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Abuse revealed in ‘torture report’ reflects broader trends from the Iraq War

The fence at Abu Ghraib prison, 2006. EPA/Wathiq Khuzaie

Among the litany of abuse documented in the War on Terror, the revelations in the US Senate’s recent “torture report” on the treatment of detainees held in CIA “black sites” -secret overseas prisons where detainees could be kept and interrogated with limited (if any) oversight - rank among the worst.

While the sites, along with snapshots of the abuses carried out at them, have been known about for some time, the report has provided new detail of the experience of detainees that is graphic in the extreme.

Consider the case of Abu Ja'far al-Iraqi, who the report says was subject to “nudity, dietary manipulation, insult slaps, abdominal slaps, attention grasps, facial holds, walling, stress positions, and water dousing with 44 degree Fahrenheit water for 18 minutes” during his time in a CIA black site. He was also subjected to 154 hours of sleep deprivation in a 158-hour period and was shackled into a standing position for 54 hours.

Similarly, the report documents how another individual who was detained in Iraq, Hassan Ghul, was the subject of abuse at CIA black sites. Ghul, who was initially captured by Kurdish forces, was held by the US military in Iraq and then “rendered to CIA custody” in January 2004.

He was detained at “Detention Site Cobalt” before being transferred to the CIA’s “Detention Site Black”. He was “shaved and barbered, stripped, and placed in the standing position” and deprived of sleep.

Yet, the treatment of al-Iraqi and Ghul, both of whom were also held in US military sites in Iraq, can only be fully comprehended if one understands the broader operations of the CIA in Iraq. The treatment of these men, and many like them, did not take place at the hands of a rogue agency, but instead reflected abuse that was prevalent across broad areas of the national security apparatus of the US.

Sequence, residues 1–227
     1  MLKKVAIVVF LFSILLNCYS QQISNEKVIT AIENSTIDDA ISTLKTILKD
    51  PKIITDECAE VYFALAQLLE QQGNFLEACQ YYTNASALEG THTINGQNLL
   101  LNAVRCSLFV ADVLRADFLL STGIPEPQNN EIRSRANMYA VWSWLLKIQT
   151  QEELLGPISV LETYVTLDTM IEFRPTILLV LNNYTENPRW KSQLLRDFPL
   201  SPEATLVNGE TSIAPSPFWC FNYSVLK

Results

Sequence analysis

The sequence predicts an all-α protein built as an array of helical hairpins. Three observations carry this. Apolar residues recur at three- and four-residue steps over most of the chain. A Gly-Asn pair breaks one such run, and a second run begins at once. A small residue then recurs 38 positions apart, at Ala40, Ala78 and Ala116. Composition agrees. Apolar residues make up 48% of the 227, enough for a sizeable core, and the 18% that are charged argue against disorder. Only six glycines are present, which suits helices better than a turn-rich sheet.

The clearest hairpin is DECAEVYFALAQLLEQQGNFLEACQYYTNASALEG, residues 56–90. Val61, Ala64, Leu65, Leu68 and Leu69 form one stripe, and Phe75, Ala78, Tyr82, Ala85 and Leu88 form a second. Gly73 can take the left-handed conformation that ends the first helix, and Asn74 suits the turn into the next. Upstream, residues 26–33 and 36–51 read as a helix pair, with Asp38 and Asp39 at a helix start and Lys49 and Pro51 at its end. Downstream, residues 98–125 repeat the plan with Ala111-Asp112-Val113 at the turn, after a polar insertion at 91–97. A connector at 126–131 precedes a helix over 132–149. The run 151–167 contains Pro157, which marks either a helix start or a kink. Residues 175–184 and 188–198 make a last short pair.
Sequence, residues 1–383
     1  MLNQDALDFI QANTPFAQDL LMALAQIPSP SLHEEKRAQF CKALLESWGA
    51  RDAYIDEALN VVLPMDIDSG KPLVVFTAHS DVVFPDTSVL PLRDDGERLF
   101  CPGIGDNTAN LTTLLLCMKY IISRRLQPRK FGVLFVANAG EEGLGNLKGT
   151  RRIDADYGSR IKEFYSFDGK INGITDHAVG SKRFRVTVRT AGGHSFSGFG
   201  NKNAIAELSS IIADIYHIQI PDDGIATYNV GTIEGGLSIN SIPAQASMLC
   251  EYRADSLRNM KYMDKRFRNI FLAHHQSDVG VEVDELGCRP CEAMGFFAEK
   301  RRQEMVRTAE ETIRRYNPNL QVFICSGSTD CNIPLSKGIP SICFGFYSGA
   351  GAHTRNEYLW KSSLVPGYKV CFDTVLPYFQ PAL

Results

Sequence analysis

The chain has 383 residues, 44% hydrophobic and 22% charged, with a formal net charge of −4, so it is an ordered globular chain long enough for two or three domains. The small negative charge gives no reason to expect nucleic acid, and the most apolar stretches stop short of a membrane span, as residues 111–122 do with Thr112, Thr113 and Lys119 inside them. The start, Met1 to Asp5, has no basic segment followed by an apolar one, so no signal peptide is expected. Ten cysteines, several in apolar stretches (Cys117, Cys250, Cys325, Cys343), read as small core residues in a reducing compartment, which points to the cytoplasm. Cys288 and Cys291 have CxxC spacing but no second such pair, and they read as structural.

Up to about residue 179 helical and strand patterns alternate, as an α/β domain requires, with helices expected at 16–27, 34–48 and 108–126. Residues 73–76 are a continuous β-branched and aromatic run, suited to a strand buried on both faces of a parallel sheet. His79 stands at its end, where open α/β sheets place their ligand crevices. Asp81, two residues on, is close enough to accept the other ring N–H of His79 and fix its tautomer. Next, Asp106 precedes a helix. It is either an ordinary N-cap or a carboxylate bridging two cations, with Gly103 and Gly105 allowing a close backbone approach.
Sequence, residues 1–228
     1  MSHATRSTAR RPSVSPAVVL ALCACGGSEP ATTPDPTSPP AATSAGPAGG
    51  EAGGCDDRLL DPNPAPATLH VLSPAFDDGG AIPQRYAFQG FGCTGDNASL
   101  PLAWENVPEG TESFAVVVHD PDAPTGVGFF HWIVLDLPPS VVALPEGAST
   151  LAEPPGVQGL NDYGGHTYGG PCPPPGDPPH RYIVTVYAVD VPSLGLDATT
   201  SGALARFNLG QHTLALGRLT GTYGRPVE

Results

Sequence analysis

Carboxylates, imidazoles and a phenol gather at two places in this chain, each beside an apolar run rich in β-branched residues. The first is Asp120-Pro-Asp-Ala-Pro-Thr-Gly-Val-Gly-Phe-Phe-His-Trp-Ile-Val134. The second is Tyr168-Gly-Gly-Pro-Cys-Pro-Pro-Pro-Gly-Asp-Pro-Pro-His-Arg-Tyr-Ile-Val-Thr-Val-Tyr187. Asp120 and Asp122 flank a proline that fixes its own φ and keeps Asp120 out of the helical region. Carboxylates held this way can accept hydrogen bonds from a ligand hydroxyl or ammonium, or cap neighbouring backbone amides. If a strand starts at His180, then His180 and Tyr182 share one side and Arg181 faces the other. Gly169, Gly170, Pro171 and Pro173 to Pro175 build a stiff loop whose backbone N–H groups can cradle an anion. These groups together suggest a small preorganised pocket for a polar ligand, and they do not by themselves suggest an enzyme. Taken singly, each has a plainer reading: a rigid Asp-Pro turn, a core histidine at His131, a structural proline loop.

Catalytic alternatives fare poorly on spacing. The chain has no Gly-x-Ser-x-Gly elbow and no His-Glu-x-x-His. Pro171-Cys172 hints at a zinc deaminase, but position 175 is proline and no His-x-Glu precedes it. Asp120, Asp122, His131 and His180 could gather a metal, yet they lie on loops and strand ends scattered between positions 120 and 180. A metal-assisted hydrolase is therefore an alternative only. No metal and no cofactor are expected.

H1 & Camp Nama

In April 2003, less than a month after the invasion of Iraq, the secret detention camp known as H1, a facility run by US Special Forces, was already in operation.

This was a “secret prison” that received detainees who had been unlawfully transferred within Iraq. It has long been alleged that the CIA played a role in interrogation operations at the site, and that others present at H1 included the UK’s MI6.

H1 was replaced with Camp Nama, whose name was said to be an acronym for “Nasty-Ass Military Area” and featured interrogations involving sleep deprivation, environmental controls, exposure to hot and cold, and bombardment with loud music and strobe lights.

Despite the fact that, at certain times, the CIA did in fact ban its personnel from taking part in “harsh interrogations” at Nama, it continued to provide “target information and other intelligence”.

The details that have leaked out about operations at H1 and Camp Nama have eerie parallels with the treatment of al-Iraqi and Ghul. They illustrate that, right from the start, the agency was involved – either directly or via collusion – in the torture and abuse of detainees during the Iraq War.

Crucially, though, the presence of the CIA was felt in many places beyond the walls of the secret Special Forces sites.

FOB Tiger